The United States Coast Guard is celebrating its 224th birthday in August this year. America’s Coast Guard is one of the five armed forces, Army, Navy, Marines, Air Force and Coast Guard, with its lineage tracing back to its inception on Aug. 4, 1790, when the 1st Congress authorized the building and construction of 10 vessels to create a force aiding in the enforcement of tariffs and trade laws, prevent smuggling, and the protect and collection of federal revenue. Responsibilities added over the years included humanitarian duties such as aiding mariners in distress which has become more commonly known as Search and Rescue.
The USCG received its current name in 1915 when the Revenue Cutter Service formed with the U.S. Life-Saving Service to create a unified maritime service with the dedication of safety of life at sea and enforcing America’s maritime laws.
[Tweet “Happy Birthday #USCG! 224 Years and Going Strong! #CoastGuard”]
The Coast Guard is a powerful branch with responsibilities spanning from multi-mission, maritime, military service and is the smallest of the five Armed Services. It has many missions and roles from the protection of the public, the environment and U.S. economic interests in the nation’s waterways, ports, along the coast, on international waters, or in any maritime region as required to support national security. It has the unique responsibility with is arresting authority over both civilians as well as military. No other branch has this.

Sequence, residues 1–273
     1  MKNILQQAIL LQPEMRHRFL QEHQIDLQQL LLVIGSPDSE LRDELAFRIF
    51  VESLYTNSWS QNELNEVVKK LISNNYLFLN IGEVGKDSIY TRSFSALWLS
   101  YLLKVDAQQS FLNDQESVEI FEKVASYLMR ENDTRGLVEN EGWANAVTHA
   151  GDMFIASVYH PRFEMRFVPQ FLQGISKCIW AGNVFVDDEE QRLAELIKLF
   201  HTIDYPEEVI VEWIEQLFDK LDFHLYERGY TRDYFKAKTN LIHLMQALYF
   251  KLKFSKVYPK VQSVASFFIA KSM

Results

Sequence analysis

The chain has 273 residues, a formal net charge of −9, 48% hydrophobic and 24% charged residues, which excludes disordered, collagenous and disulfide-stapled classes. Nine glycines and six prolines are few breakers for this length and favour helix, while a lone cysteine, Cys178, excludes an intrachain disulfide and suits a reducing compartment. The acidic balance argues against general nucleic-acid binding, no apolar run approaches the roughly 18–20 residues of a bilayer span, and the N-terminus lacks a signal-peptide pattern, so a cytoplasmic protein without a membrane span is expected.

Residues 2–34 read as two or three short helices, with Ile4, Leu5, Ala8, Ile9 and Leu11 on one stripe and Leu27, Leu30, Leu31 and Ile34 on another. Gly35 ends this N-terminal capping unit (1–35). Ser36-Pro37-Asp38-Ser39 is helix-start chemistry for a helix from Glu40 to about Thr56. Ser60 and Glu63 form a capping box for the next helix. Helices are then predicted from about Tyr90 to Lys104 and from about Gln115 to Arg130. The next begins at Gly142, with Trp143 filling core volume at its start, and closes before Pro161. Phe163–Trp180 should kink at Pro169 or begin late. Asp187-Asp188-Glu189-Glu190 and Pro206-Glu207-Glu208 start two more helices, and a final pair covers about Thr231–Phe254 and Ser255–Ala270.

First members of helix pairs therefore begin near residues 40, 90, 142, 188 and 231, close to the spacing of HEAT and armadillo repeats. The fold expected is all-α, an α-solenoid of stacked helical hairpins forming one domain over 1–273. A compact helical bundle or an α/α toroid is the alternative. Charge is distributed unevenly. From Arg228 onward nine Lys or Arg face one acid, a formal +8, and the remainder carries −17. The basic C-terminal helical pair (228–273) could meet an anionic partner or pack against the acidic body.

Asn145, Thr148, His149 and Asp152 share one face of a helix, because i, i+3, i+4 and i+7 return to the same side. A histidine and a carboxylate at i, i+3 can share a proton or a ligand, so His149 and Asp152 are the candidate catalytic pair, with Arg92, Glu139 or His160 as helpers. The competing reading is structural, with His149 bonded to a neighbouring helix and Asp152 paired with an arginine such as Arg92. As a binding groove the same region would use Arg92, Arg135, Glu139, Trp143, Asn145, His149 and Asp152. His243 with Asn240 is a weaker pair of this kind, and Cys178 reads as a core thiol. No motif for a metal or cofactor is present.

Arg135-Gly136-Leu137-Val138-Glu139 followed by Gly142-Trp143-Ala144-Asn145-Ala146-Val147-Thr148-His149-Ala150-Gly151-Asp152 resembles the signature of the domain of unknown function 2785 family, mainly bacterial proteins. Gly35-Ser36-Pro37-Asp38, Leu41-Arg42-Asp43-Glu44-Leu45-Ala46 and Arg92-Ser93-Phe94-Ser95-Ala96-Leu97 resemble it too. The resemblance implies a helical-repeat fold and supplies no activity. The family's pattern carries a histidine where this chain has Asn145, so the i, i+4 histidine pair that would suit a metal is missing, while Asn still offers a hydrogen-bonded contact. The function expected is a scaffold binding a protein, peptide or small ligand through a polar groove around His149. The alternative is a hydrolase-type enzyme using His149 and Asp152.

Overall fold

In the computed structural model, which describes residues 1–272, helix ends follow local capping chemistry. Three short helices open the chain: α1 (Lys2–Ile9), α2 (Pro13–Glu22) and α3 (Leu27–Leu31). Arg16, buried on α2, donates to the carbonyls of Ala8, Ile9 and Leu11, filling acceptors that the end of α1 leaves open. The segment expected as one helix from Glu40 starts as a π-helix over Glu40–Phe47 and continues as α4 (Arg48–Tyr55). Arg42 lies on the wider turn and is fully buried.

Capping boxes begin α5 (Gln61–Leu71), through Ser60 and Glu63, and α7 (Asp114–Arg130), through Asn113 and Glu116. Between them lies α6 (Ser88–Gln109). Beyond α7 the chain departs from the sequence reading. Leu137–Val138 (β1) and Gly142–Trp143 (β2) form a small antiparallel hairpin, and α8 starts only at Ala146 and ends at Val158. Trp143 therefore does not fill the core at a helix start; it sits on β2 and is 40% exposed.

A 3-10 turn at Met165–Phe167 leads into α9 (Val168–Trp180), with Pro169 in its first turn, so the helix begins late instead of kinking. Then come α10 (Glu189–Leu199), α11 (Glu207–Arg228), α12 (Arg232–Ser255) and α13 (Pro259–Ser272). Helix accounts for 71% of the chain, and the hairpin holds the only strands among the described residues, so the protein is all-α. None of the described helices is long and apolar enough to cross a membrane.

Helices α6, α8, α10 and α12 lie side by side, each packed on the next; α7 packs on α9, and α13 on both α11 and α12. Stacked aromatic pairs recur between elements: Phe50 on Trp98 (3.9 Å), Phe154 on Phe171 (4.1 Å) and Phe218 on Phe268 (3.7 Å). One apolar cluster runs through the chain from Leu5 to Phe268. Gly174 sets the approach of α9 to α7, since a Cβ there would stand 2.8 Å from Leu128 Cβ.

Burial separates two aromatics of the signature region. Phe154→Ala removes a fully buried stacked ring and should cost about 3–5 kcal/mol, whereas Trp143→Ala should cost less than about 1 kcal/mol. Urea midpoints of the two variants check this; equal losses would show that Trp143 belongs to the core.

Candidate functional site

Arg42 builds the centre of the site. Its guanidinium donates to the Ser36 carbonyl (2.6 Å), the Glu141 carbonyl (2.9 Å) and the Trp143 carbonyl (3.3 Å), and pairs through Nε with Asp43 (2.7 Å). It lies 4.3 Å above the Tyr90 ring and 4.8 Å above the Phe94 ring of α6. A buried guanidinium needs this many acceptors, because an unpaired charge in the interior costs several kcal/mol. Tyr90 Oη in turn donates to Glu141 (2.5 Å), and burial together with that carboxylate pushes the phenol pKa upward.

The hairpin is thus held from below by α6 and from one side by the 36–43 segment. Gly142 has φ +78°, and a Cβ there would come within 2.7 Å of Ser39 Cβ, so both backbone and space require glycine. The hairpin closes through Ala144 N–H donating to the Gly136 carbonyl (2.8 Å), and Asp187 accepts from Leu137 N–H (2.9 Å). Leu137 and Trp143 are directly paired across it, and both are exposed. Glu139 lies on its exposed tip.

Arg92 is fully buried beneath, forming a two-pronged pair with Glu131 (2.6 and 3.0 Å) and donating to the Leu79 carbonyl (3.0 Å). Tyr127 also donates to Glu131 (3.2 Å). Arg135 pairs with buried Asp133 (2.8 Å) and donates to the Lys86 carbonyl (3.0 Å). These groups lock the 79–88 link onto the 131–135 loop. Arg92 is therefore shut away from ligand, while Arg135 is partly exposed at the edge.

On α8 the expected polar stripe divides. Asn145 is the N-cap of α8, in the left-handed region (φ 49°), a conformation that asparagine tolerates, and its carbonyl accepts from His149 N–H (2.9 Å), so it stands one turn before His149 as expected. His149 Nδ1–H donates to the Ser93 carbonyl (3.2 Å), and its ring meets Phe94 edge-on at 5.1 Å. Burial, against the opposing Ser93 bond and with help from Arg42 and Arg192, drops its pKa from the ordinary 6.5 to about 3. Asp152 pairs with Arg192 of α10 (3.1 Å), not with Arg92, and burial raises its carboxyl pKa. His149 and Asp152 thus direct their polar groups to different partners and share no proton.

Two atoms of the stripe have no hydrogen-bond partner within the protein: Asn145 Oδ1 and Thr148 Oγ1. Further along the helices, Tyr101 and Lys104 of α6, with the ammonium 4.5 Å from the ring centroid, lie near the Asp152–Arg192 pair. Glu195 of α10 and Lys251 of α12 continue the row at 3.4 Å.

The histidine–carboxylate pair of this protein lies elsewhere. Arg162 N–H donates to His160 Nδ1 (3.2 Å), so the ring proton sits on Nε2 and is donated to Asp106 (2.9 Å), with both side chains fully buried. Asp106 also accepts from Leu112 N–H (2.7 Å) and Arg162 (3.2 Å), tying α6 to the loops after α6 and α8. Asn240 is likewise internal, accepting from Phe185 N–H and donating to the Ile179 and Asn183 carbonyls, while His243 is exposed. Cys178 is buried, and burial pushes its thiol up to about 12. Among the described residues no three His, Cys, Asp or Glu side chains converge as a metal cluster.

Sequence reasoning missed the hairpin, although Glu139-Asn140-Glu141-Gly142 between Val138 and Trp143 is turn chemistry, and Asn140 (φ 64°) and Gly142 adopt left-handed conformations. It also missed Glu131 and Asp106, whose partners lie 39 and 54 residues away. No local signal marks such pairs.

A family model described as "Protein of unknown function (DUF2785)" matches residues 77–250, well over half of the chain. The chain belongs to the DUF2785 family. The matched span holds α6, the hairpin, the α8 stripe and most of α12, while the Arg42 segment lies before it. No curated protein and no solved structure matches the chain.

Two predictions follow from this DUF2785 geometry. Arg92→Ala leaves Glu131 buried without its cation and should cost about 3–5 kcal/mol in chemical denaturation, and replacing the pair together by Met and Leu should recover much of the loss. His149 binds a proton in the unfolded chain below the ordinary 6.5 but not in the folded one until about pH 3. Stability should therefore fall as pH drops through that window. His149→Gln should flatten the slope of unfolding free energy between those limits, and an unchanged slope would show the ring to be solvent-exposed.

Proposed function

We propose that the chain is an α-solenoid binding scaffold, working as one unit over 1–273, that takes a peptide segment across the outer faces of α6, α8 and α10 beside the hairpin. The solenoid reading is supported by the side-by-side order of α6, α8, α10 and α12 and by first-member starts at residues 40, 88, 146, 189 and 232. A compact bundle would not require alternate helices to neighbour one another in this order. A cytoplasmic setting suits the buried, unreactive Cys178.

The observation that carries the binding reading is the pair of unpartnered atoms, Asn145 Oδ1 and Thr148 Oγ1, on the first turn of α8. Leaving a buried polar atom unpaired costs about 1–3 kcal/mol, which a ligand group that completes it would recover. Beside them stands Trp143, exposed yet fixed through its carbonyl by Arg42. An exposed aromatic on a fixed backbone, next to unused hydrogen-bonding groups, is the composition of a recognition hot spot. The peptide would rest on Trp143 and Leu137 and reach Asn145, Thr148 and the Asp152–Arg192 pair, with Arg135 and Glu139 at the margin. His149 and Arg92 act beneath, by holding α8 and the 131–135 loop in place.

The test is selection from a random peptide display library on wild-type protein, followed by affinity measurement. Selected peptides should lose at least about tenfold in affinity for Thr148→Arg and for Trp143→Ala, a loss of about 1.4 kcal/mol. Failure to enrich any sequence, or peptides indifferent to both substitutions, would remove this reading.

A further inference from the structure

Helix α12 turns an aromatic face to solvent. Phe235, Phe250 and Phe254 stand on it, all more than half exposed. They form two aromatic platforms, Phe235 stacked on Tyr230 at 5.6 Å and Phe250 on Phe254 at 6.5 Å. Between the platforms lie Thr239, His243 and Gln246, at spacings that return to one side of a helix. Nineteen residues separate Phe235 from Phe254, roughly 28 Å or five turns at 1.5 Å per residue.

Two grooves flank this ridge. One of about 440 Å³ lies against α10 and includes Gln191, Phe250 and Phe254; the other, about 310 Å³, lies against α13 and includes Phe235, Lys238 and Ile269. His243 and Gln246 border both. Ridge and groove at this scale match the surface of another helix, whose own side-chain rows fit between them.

History of Coast Guard Flags
Found at Military.Com ~ “The origins of the Coast Guard standard are very obscure. It may have evolved from an early jack. At least one contemporary painting supports this theory. In an 1840 painting, the Revenue cutter Alexander Hamilton flies a flag very similar to today’s Coast Guard standard as a jack.” Additional information on USCG Flags click here.
What is the USCG Auxiliary?
A great little know secret! The United States Coast Guard Auxiliary (USCG Aux) is the uniformed volunteer part of the United States Coast Guard (“USCG”). On JUne 23rd, 1939 the United State’s Congress created the USCG Aux as America’s Coast Guard Reserve. Just prior to two years later, on Feb 19, 1941, it was re-designated the United States Coast Guard Auxiliary.